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Today in Idaho hospitals and COVID-19 (updated 11/6): Patients, ERs, ICUs

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A Kootenai Health critical care nurse in heavy PPE. While in the COVID-19 isolation unit, nursing staff deliver food and help clean rooms to prevent unnecessary travel from other departments. (Courtesy of Kootenai Health)

Get daily updates on Idaho hospital capacity, pediatric and adult COVID-19 hospitalizations

The number of COVID-19 patients in Idaho hospitals on Friday was about 10% lower than just one week ago.

However, in that time, more than 70 people died in Idaho hospitals from COVID-19.

Patients with the coronavirus disease occupied about 13% of Idaho hospital beds on Friday. When it came to beds in Idaho’s intensive care units, the rate was much higher. Largely because of those ICU patient loads, especially in North Idaho, the state remains under crisis standards of care for the 51st day.

Kootenai Health in Coeur d’Alene on Wednesday had more than 100% of its usual ICU capacity taken by COVID-19 patients, Chief Physician Executive Dr. Karen Cabell told the Sun.

But the hospital still needed to provide critical care to patients with other serious illnesses and injuries. Where to put them? How to expand staffing to ensure patients get around-the-clock care? Those questions are a major reason why Kootenai Health has been operating in crisis standards for two months.

To ensure it could provide even a crisis-standards (substandard) level of care to all the patients coming into the hospital, Kootenai Health opened four ICU departments instead of the usual two. It doubled the number of critical care physicians working in those ICUs.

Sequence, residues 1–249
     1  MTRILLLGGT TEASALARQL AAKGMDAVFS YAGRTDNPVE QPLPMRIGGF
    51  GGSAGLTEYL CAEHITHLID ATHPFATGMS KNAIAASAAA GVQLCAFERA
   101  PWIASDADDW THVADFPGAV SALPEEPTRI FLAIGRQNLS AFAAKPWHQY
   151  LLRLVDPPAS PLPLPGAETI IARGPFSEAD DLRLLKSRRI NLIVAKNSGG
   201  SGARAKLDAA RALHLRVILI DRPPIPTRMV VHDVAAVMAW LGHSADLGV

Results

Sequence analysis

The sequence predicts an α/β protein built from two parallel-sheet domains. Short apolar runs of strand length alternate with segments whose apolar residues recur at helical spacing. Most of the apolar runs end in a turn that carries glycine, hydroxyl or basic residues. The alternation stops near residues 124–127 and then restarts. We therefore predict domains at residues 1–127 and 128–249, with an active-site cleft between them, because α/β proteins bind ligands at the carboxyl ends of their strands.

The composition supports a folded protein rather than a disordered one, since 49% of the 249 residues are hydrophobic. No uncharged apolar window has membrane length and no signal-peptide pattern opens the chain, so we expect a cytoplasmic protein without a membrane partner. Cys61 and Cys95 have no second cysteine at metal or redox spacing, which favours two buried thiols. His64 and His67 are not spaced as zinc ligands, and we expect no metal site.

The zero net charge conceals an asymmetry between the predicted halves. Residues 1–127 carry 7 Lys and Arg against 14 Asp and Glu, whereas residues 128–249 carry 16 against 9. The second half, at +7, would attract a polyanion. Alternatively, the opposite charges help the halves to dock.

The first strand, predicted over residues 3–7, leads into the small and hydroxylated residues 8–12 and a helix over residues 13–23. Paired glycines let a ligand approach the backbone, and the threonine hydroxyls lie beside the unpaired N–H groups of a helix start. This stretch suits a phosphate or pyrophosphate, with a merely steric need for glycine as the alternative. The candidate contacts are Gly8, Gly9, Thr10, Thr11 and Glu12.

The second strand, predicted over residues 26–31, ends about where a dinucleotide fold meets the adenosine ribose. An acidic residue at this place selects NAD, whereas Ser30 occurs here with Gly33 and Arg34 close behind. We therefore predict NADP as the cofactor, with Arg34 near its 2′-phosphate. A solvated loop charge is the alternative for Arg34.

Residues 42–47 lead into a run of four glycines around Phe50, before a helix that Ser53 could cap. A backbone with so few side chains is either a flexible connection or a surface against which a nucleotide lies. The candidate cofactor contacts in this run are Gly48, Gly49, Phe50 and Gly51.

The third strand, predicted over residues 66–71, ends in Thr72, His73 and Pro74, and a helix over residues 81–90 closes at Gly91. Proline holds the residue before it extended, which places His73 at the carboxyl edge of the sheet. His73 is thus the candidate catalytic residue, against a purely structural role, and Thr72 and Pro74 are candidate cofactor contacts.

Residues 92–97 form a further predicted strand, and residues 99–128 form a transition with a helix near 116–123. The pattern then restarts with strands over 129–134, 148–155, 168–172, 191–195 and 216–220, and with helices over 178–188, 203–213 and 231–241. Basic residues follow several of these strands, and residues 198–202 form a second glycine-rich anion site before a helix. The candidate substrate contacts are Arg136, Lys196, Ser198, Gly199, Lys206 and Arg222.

Kootenai Health had 103 COVID-19 patients on Friday morning. That included 31 patients needing ICU beds, and one child.

Idaho continues to have among the lowest vaccination rates in the U.S., according to the Centers for Disease Control and Prevention.

But each day, hundreds of people in the state receive their first dose of a COVID-19 vaccine, according to state vaccination data.

“It’s not too late to get the vaccine,” Idaho Public Health Administrator Elke Shaw-Tulloch told the Idaho Capital Sun in a recent interview.

Federal data show the following, based on reports from hospitals for Friday, Nov. 5. (See “Notes” below for additional information about the data.) For quick visual reference, numbers in black are unchanged from the previous day, numbers in red are worsened, and numbers in green are improved.

  • People hospitalized with COVID-19: 435 (previous day: 439) which is 17.8% (previous day: 17.7%) of people hospitalized for all reasons
  • Adults in the ICU with COVID-19: 129 (previous day: 128)
  • Children hospitalized with COVID-19: 5 (previous day: 5)
  • Patients newly admitted to the hospital with confirmed or suspected COVID-19: 60 (previous day: 63)
  • Rolling 7-day average of new COVID-19 admissions each day, by age:
    Children: 2 (previous day’s rolling average: 2)
    Age 18-19: 0 (previous: 0)
    20s: 2 (previous: 2)
    30s: 3 (previous: 4)
    40s: 6 (previous: 6)
    50s: 10 (previous: 8)
    60s: 11 (previous: 10)
    70s: 9 (previous: 11)
    80+: 8 (previous: 8)
    age unknown: 0 (previous: 0)
  • People who died in Idaho hospitals with confirmed or suspected COVID-19: 11 (previous day: 10)
  • Staffed adult ICU beds that were still available statewide, according to Idaho Department of Health and Welfare data: 19 (previous day: 19)

Note: These numbers may differ from those reported by the state, local public health districts or individual hospitals. There are multiple reasons for this: Some agencies use different methods and data sources. Hospital census always fluctuates as patients are admitted, discharged, moved to and from the ICU, and remain hospitalized for ongoing care. And some Idaho hospitals may be behind on reporting through the federal portal from which the Sun gets its data, which can result in revisions to the previous one to three days’ totals. (The federal data use the most recent numbers reported by each hospital in the previous four-day period. The rationale is to provide numbers that are as accurate as possible; for example, it reduces the risk that hospitalizations appear to plummet when a large hospital misses a day of reporting.) Where the Sun shows a “previous day” count, that is the number reported the previous day, regardless of whether it was revised up or down since then.

The Idaho Capital Sun is a nonprofit news organization delivering accountability reporting on state government, politics and policy in the Gem state.